Aspartame is a man-made substance that is 200 times sweeter than sugar. Unlike sugar, however, aspartame has almost no calories. This, of course, is why it is used by food producers and individuals as an alternative to sugar and other calorie sweeteners. Aspartame was once the most popular synthetic sweetener in the world, but this distinction has now been captured by Sucrose (Splenda). Still, more than 1,000 asp products are made from aspartame, including beverages, food, gum, candy and medicines.
Aspartame was discovered by accident in 1965 and was first introduced into our food supply in 1981. It is often mixed with self-amem potassium to make it more stable and to extend its shelf-life with sugar and / or maltodextrin. Espertop is both nutritious and similar for individuals for table-top desserts.
From the first day to the present time, the obscure name has been the subject of intense scrutiny and health controversy. This is because the name is being changed from aspartame to aminosweet. The new name was not randomly drawn from the hat. For one thing, aspartame is synthesized from two amino acids: L-phenylalanine and L-aspartate. And for another, the word “amino acid” seems natural, healthy, safe and important.
The lumpy history of aspartame began during the FDA approval process when the product was first released to the public. It is alleged that Donald Rumsfeld was the CEO of Rumsfeld Searle at the time, who owned and manufactured the company Espert ame The newly elected US president was. Since then, there have been repeated allegations of guilty science, disregard for impartial research and reliance on biased studies funded by manufacturers and / or related organizations.
In response to these criticisms, the FDA insists that the FDA is the most studied substance in FDA history. There have been a total of 26 reviews together, the last one was in 2015. They all draw the same conclusion: Aspartame is safe for human consumption. The World Health Organization (WHO) says aspartame is safe. The FAO United Nations says aspartame is safe. The EFSA (European Food Safety Authority) claims that it is safe.
That said, empirical claims by individuals about neurological problems continue, and they continue at full power. The most common and common complaints are headaches and sleep disorders. Very serious complaints include seizures, brain tumors and multiple sclerosis. Some physicians suggest that aspartame and other exit toxins may also contribute to psoriasis and hyperactive behavior, and to degenerative brain diseases such as Parkinson’s disease and Alzheimer’s.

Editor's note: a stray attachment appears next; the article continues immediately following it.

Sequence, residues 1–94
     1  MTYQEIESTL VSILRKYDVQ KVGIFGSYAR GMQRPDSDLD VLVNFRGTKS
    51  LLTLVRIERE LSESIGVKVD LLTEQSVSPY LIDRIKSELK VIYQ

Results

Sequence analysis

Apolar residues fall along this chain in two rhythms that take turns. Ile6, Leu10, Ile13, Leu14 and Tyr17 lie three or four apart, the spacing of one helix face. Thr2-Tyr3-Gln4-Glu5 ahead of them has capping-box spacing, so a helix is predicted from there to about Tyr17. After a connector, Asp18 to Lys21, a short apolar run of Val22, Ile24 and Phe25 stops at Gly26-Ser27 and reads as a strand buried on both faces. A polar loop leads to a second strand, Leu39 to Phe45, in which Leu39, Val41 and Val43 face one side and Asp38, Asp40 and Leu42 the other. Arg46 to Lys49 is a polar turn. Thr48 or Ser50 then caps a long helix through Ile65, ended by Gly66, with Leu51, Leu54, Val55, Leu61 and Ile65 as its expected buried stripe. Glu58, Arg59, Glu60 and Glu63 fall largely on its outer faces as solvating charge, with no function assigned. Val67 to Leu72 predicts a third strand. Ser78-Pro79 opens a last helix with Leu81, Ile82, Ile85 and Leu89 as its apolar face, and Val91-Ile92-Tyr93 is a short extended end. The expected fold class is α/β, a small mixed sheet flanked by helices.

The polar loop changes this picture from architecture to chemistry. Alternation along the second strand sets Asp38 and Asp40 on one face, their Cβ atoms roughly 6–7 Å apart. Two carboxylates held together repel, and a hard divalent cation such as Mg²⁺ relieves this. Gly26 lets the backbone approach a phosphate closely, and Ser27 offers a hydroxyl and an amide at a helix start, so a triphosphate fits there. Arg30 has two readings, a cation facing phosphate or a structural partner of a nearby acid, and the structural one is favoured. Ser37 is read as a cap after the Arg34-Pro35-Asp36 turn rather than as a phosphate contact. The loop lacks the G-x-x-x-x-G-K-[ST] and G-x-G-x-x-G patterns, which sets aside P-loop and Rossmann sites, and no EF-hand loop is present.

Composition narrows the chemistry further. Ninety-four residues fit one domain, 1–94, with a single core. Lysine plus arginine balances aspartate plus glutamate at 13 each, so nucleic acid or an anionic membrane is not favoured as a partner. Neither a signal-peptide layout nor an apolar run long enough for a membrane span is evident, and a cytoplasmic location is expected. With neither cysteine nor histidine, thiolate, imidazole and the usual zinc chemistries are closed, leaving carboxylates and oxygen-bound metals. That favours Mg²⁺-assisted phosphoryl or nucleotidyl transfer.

As mentioned above, aspartame is an excitotoxin, and this is what makes it different and potentially more dangerous than synthetic sweeteners or reduced calorie sweeteners. The name exitotoxin was coined by scientists who observed that certain groups of chemicals have the ability to overmulate (stimulate) brain cells, which kill cells and then either damage or kill cells.
More than 70 types of excitotoxins have been discovered. In addition to aspartate (acetotoxin in aspartame), the other most prevalent excitotoxin is glutamate. Glutamate is a key ingredient in MSG (monosodium glutamate), hydrolyzed vegetable proteins, plant proteins, auto-to-lized proteins, and commonly named catches બધા all substances such as “natural flavors” or “spices.”
Independent researchers criticize current aspartame studies because they are conducted over a period of two years or less. This produces a false negative result because the study is too short to reveal the problem of slow, accumulated brain damage. It can take many years before the tipping point reaches where the clinical signs become clearer. For example, “… the symptoms of Parkinson’s disease do not manifest until 80 to 90% of the neurons in the nucleus involved have died … the neurons did not all die suddenly at the same time, instead they slowly and for many years The same is true for Alzheimer’s disease. ” [From Excitotoxins: The Taste That Kills by Russell L Blaylock, MD, page 92].
There is a need for a deeper, more time-consuming study and a more advanced understanding of how the exitotoxin violates brain barriers and placenta barriers. It is best to avoid products made from aspartame / aminosvit unless this happens, and it may take years. Among the population groups most susceptible to brain cell damage from oxytocin are young children, unborn children who receive the oxytocin from their mothers, the elderly, and people with a family history of neurological disorders.
Why take a risk? Luckily for the consumer, there are many other synthetic sweeteners or low calorie sweetening options available, and they are all less offensive than aspartame. Consumption of any artificial sweetener or low calorie sweetener should ideally be limited to 1 teaspoon (3 teaspoons) a day.
Although Aspartame has a brand new aminosweet name, it is still the same old exitotoxin. Don’t be fooled! Always check the ingredient list of any packaged food or drink to see if it is listed.